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Super Bowl (Feb. 4) - Eagles vs. Patriots
By: Sam Chase - StatFox
Published: 1/24/2018  at  3:25:00 PM
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US Bank Stadium – Minneapolis, MN
Kickoff: Sunday, 6:30 p.m. ET
Line: New England -5.5, Total: 48

It's Tom Brady's eighth Super Bowl and Nick Foles' first.

In February 2009, the Arizona Cardinals were seven-point underdogs to the Pittsburgh Steelers in Super Bowl XLIII. Nine years later, the Philadelphia Eagles are the largest Super Bowl underdogs as they head to Minneapolis to face the 5.5-point-favorite New England Patriots on Sunday, February 4. The Eagles were also underdogs in the two home playoff games they won to get to this point, as few believed Philly could get this far after star QB Carson Wentz went down with an injury near the end of the regular season. And yet here they are, thanks to a grit-and-grind 15-10 win over Atlanta in the Divisional Round and a 38-7 teardown of the Vikings in the NFC Championship Game. The Patriots faced a much easier road to get to US Bank Stadium, at least on paper. They wiped away Tennessee 35-14 in the Divisional Round before squeaking by Jacksonville 24-20 thanks to a fourth quarter comeback in the AFC Championship Game. Bill Belichick and company will be playing for their second straight Super Bowl title and their third in four years, mirroring the early days of their dynasty in New England. The Eagles, who have never won the Super Bowl, are playing in their first Big Game since losing to the Patriots 24-21 in 2005's Super Bowl XXXIX. Since 1983, games involving a team averaging 27-plus points per game that has allowed no more than 14 points in two straight games (PHI) are 69-36 Over against totals between 42.5 and 49. Over the last two seasons, New England is 11-1 ATS against teams averaging at least 5.65 yards per play (PHI). Over the last five seasons, the Patriots are 9-4 ATS in playoff games. The biggest injury question entering the game is the status of Patriots TE Rob Gronkowski, who left the AFC Championship Game after appearing to suffer a concussion late in the first half.

If the Nick Foles who shows up for the Super Bowl is the same Nick Foles who dismantled Minnesota at Lincoln Financial in the conference championship, it is perhaps Philadelphia who should be favored by five-and-a-half points. The backup was nearly flawless throwing the ball, completing 26 of 33 passes for 352 yards and three interceptions. He looked great doing it, too, stepping up into and around the pocket as he waited for his receivers to find gaps in a formidable Vikings defense. That version of Foles appeared completely out of nowhere, however, and it's impossible to know if that's what we'll see against the Patriots. More often this season, he's looked exactly like what he is: a backup. But the Patriots have let some mediocre QBs—most recently Blake Bortles—have strong games against them this season, so if Foles can play with that same confidence he could potentially dominate once again. Wentz made touchdown machines out of WR Nelson Agholor, WR Alshon Jeffery and TE Zach Ertz this season, and Foles let them shine again against Minnesota. WR Torrey Smith got in on the action too, catching a beautiful ball in the corner of the end zone for a 41-yard score in the third quarter. It's a group that could make plenty of headway against the New England secondary. The backfield situation in Philadelphia is a little less reliable. RB LeGarrette Blount, who was with the Patriots for each of their last two Super Bowl victories, is the goal line back and had an 11-yard TD run in the NFC title game. RB Jay Ajayi, who was acquired midseason, is the lead back, although he's yet to hit 80 rushing yards in a game with the Eagles.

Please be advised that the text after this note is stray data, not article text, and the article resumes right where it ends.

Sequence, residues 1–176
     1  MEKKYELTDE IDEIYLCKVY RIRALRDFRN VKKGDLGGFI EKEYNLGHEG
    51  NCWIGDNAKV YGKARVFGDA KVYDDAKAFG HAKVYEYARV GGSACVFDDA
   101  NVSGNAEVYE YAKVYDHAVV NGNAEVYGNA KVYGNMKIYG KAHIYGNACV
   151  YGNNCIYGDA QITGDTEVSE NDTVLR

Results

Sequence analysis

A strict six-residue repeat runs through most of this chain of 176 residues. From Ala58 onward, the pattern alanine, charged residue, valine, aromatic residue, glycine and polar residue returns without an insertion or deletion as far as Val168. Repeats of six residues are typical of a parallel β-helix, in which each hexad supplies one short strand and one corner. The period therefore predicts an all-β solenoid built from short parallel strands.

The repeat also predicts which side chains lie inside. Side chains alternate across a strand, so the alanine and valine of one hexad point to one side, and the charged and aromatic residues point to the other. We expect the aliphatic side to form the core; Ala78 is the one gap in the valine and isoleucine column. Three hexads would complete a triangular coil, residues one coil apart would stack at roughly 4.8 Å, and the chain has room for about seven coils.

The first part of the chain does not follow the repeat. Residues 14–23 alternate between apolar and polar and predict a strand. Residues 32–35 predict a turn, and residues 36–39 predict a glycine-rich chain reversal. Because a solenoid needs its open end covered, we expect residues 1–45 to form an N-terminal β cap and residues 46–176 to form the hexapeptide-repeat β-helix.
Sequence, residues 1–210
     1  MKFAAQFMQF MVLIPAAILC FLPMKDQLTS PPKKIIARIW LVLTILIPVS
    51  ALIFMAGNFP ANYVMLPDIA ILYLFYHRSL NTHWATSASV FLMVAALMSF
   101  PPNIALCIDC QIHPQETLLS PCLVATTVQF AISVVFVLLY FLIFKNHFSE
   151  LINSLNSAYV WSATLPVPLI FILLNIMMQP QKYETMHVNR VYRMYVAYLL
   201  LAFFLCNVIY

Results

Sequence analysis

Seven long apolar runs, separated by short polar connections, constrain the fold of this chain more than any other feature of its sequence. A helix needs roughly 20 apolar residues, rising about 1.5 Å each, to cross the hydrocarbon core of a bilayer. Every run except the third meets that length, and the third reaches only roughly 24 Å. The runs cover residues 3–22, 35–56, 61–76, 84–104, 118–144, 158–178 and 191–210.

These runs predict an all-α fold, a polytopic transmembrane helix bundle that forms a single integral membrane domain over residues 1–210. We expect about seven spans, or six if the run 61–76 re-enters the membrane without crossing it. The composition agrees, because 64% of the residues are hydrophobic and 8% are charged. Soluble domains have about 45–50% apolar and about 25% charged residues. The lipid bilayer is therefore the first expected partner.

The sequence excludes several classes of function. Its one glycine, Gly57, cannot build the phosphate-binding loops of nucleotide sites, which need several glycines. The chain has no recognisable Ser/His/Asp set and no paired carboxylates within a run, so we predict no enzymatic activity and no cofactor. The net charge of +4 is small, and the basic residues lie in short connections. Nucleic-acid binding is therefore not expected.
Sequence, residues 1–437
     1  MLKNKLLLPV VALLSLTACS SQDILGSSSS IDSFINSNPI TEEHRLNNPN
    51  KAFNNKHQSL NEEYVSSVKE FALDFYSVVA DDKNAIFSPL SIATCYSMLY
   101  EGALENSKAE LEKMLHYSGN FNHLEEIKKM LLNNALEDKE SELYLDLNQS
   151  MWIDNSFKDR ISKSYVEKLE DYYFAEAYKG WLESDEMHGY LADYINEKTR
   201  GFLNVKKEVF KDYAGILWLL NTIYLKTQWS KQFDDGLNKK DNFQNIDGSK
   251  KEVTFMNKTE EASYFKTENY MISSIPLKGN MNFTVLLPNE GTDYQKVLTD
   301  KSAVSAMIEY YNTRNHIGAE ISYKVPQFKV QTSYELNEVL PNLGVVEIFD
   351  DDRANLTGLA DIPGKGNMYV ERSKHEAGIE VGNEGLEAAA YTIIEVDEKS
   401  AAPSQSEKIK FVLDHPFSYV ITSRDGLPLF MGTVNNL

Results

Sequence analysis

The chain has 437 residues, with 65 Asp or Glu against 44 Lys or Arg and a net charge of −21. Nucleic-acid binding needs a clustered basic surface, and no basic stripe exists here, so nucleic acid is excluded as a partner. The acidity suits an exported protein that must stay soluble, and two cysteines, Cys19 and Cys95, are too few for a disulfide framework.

Never count out Touchdown Tom, no matter how great the odds. Leading a fourth-quarter comeback from 10 down with an injured thumb against a ravenous Jaguars defense, and doing so without Gronk (not to mention Julian Edelman), Brady looked untouchable in the final act of the AFC Championship Game. He finished the game 26-of-38 for 290 yards and two touchdowns, with all the meaningful damage coming in the fourth quarter. It helped that the two guys who needed to step up most—WRs Brandin Cooks and Danny Amendola—absolutely did. After a 112-yard game in the divisional round, Amendola made a series of spectacular catches, including both of Brady's touchdowns, to keep the Pats' hopes alive and carry them to the win. Acquired in the offseason to be a No. 1 outside receiver, Cooks was just that against the Jags, putting up 100 receiving yards and drawing a critical (if questionable) pass interference penalty that let the Patriots score a touchdown at the end of the first half. WR Chris Hogan has been quiet since returning against Tennessee from a fairly serious shoulder injury, but he had 332 yards in the postseason across the Patriots' three playoff games last year and could be an x-factor in the Super Bowl. Gronkowski's availability for the game is of the utmost importance, given that he's one of the toughest receivers to cover in the history of the league. The fact that Brady has been able to win so many big games without him—including last year's Super Bowl–goes a little underappreciated (inasmuch as anything about Tom Brady can be underappreciated). It's anyone's guess how the Patriots will use the backfield trio of RBs Dion Lewis, James White and Rex Burkhead, but expect them all to see action. Lewis has had a fantastic season, and Belichick gave him key touches even after he let go of a crucial fumble against Jacksonville. White had an all-time-great Super Bowl performance against Atlanta last season, and Burkhead is the preferred short-distance back if he's fully healthy.

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